The work was initially proposed in the early 2000s, around the same time the House renovated its chambers, but was delayed to pay for upgrades to committee rooms and other Senate workplaces. Taxpayer dollars that covered the work were accumulated over several years in the Senate’s administrative account.

“It was time, it needed to be done,” said Senate President Andy Gardiner, R-Orlando, who hands the Senate leadership to incoming president Joe Negron, R-Stuart, whose district includes part of northern Palm Beach County.

Wooden Ionic columns were added at the front of the chamber, reminiscent of those which had been in the Senate chambers in the late 1940s, which was torn down when the state’s Capitol opened in 1978. The stained-glass ceiling also is a replica of a similar display in the state’s Historic Capitol.

Old Senate chambers, before renovation began
Old Senate chambers, before renovation began

 

 

Pro-Mast ad rips Perkins business practices

Republican congressional candidate Brian Mast continues to hammer away at what his campaign has described as Randy Perkins’ shoddy business practices.

The Congressional Leadership Fund, a political action committee that has endorsed Mast and has poured $3.5 million into the closely watched District 18 race, is releasing its final ad of the campaign, blasting Perkins for “grossly overcharging a school district or refusing to reveal his profit from a half-a-billion-dollar-government contract.”

Brian Mast
Brian Mast

Perkins, a Democrat who owns a disaster relief company, has pushed back hard against those claims. His lawyers called similar allegations made in a previous ad released by the National Republican Congressional Committee “false, misleading and deceptive.”

The lawyers threatened to sue local television stations that ran the ad. Local TV stations stopped running the ad.

The new CLF ad will begin airing on West Palm Beach cable and broadcast today and will run through Election Day.

Perkins has run his own ad, denouncing Mast for lying about his business practices.

Democratic congressional candidate Randy Perkins is already the target of GOP attacks in Palm Beach-Treasure Coast District 18.
Randy Perkins

 

Florida Supreme Court rules unanimous juries needed to impose death sentences, overturning state law

Florida Supreme Court building, Tallahassee
Florida Supreme Court building, Tallahassee

The Florida Supreme Court ruled Friday that juries must unanimously recommend death sentences before a judge can impose them, a decision which declares unconstitutional current state law and complicates the fate of nearly 400 death-row inmates.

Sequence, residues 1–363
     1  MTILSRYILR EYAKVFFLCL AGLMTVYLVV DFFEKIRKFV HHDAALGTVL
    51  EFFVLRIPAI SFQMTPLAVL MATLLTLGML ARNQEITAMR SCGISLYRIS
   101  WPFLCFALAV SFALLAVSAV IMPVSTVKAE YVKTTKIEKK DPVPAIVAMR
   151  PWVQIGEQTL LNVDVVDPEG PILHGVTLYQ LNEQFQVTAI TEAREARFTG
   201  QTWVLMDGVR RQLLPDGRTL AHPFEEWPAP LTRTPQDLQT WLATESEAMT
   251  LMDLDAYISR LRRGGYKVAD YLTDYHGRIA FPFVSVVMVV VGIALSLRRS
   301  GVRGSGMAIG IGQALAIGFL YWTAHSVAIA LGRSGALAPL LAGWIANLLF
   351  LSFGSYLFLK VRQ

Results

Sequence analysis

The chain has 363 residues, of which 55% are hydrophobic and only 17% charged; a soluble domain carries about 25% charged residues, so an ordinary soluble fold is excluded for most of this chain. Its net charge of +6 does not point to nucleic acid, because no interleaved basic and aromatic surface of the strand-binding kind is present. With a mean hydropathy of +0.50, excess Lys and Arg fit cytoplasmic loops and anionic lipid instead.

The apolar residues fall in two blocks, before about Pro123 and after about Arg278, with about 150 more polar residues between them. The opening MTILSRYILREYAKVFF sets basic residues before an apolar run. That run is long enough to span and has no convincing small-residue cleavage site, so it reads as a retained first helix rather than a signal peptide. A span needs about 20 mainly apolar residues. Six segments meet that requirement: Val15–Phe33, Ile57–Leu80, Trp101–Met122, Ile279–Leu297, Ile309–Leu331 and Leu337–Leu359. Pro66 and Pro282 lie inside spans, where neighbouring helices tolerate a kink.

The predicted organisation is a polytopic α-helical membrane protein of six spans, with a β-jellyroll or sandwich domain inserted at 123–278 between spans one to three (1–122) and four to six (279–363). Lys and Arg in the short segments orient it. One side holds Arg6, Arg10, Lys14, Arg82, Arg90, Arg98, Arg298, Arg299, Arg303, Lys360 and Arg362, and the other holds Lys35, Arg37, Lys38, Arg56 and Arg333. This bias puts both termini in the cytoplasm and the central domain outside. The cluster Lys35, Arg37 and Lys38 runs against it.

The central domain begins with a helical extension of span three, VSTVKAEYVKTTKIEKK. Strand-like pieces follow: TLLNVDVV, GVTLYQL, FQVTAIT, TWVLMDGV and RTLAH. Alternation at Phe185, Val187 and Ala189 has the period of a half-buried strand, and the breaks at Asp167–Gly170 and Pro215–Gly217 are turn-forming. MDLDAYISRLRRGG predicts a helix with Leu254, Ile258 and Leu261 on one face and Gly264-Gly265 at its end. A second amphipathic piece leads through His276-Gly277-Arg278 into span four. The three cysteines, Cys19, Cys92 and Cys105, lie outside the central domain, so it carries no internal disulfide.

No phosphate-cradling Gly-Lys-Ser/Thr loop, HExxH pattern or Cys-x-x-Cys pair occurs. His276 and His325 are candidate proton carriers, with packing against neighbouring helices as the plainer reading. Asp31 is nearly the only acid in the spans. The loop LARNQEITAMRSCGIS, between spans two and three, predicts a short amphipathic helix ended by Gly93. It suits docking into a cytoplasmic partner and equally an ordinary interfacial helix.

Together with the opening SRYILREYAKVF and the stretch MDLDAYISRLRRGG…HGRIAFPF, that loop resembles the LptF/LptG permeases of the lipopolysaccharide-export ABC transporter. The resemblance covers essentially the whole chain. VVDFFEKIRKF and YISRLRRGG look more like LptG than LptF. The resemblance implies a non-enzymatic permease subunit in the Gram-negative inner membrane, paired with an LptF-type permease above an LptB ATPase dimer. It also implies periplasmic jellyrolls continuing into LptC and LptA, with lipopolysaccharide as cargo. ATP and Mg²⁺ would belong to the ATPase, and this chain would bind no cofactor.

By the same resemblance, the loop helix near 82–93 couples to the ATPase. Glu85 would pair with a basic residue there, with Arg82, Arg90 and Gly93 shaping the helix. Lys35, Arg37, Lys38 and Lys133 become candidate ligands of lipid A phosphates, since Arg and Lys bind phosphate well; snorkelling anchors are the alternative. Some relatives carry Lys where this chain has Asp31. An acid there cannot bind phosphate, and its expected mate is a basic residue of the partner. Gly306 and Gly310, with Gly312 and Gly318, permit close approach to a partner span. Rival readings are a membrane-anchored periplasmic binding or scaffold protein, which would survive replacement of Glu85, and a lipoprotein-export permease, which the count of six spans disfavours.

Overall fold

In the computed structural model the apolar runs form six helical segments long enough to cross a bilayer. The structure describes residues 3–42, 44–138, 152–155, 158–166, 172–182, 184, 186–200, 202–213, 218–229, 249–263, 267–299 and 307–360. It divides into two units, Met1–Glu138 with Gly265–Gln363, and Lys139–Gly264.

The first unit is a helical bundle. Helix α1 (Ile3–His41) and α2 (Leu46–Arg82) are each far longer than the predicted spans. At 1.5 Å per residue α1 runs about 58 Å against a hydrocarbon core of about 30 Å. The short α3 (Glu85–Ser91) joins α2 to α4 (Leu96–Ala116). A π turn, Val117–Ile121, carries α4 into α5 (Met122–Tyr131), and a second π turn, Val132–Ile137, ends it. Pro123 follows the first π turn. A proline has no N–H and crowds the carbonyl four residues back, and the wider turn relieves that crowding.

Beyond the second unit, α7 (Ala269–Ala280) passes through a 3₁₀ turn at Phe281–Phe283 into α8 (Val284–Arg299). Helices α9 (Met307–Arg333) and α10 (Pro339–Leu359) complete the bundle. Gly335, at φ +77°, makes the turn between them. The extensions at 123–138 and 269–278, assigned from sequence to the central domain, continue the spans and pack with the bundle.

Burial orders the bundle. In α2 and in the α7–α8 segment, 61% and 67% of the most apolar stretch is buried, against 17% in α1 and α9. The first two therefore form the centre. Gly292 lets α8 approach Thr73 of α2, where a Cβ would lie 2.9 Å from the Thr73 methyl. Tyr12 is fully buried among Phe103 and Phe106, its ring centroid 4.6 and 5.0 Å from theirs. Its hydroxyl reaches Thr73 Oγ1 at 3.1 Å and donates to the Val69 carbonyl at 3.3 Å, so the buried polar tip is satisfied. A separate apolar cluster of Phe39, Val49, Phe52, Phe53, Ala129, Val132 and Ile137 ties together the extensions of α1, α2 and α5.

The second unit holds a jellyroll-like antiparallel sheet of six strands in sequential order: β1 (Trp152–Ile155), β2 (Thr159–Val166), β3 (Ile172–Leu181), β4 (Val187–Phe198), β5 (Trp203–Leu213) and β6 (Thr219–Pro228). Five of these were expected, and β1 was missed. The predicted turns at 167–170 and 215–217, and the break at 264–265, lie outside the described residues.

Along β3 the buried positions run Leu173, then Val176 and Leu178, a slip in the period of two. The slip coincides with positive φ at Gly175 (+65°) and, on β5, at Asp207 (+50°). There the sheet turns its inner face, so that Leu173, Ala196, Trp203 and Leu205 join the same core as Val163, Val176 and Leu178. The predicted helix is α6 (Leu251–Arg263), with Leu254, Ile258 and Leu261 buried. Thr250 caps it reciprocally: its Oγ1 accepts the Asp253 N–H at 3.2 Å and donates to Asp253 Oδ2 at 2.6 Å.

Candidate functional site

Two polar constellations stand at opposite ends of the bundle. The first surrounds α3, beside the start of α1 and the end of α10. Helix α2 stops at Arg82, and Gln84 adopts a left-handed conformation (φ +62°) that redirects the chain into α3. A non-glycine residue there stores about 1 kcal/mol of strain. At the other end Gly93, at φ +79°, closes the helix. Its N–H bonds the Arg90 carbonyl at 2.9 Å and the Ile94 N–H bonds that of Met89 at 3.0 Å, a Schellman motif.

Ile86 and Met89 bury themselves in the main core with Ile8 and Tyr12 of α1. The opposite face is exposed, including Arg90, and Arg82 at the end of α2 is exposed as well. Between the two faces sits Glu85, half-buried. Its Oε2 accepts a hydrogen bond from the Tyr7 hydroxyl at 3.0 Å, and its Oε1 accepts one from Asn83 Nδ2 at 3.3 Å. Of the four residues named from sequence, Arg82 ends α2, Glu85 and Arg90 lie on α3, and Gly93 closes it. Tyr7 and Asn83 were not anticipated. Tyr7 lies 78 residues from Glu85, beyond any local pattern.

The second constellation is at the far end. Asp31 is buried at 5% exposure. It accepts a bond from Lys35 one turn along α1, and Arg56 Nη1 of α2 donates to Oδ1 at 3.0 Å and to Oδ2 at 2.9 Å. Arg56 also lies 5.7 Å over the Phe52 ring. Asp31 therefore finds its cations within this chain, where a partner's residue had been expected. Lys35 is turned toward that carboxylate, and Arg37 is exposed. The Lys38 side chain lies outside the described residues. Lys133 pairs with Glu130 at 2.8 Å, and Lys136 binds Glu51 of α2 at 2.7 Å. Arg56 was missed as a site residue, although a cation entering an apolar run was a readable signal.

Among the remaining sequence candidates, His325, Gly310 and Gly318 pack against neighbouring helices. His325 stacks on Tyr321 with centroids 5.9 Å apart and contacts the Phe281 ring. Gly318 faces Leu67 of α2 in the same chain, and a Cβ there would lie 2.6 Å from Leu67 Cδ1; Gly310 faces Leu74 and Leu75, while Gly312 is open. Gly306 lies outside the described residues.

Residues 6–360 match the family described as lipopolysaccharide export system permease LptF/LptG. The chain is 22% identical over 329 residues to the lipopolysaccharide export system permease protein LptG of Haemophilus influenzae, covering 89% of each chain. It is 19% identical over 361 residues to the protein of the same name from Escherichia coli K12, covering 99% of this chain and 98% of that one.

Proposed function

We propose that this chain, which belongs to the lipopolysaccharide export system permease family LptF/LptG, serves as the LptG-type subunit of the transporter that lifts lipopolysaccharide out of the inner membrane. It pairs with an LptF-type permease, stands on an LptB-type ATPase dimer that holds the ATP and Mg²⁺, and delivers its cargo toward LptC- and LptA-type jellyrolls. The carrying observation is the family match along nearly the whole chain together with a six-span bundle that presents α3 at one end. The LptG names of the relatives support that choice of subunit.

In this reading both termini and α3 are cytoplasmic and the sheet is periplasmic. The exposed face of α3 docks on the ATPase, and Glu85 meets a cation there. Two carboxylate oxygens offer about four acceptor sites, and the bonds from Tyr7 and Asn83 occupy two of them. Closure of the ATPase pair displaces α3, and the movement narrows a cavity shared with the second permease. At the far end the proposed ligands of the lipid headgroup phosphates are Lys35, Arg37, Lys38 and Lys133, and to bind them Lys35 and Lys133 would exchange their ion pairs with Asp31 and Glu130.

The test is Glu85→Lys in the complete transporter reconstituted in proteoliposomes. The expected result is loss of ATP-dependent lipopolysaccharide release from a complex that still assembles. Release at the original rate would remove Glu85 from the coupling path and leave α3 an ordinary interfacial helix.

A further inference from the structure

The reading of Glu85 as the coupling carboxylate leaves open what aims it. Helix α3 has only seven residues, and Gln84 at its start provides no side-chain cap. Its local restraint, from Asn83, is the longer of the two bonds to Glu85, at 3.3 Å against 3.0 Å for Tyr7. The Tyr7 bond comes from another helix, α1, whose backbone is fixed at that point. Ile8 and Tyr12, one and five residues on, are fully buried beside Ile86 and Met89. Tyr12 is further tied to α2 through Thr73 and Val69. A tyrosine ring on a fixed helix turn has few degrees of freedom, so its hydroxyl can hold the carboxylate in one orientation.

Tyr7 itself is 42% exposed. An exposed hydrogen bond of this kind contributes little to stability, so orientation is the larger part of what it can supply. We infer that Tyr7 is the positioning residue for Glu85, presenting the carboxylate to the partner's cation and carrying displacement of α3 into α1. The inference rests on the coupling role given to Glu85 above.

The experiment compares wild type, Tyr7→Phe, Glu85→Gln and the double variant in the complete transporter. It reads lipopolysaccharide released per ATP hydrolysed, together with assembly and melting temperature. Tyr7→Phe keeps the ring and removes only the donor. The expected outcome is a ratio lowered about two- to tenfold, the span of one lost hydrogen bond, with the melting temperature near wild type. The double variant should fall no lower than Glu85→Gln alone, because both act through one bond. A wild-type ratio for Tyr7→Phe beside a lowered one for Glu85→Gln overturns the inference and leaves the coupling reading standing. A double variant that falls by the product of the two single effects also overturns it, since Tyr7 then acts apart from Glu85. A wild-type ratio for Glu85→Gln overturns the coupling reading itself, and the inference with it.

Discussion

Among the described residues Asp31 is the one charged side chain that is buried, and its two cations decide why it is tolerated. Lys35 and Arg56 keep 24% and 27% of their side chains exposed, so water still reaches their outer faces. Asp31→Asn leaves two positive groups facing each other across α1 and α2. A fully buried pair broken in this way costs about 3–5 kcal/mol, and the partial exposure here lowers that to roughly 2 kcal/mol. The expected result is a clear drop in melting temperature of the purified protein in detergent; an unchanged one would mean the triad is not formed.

In their 5-2 ruling, justices vacated the death sentence of Timothy Lee Hurst, who was convicted of killing a co-worker at a Pensacola fast-food restaurant in 1998.

The U.S. Supreme Court in January reviewed Hurst’s case and ruled against Florida’s death penalty sentencing law because a jury’s role in the state was advisory, with the judge making all critical findings. The high court said this violated the Sixth Amendment right to trial by jury.

Florida justices, however, stopped short Friday of vacating all death sentences in the state. Florida is second only to California in the number of people on death row.

Scott says even with Zika deal, “incompetence of Washington” was exposed

Gov. Rick Scott during an earlier trip to Miami to discuss spread of Zika virus
Gov. Rick Scott during an earlier trip to Miami to discuss spread of Zika virus

Florida’s plan for spending its portion of the $1.1 billion in federal Zika-fighting money approved by Congress was still unclear, Gov. Rick Scott conceded in a conference call Thursday.

But the deal approved late Wednesday did give Scott a chance to once again tee-off on Congress and the Obama administration.

“What was frustrating is everybody said they were funding,” Scott said, recalling that he made two trips “walking the halls” of Congress, lobbying for a deal on dollars to fight the mosquito-borne virus.

“Not one person said they were against it. But nothing happened, time and time again…It just shows you why people are frustrated with the incompetence of Washington,” said Scott, who is widely thought to be considering a U.S. Senate run in 2018.

He conceded, though, “it was refreshing something passed.”

Scott also said, “I don’t know how much Florida is going to get and when we’re going to get our funding.”

The governor pointed out that he has already allocated $61.2 million from the state treasury for efforts to combat the virus, including $25 million in long-range research money. Some of those dollars could be replaced once the federal cash arrives, he said.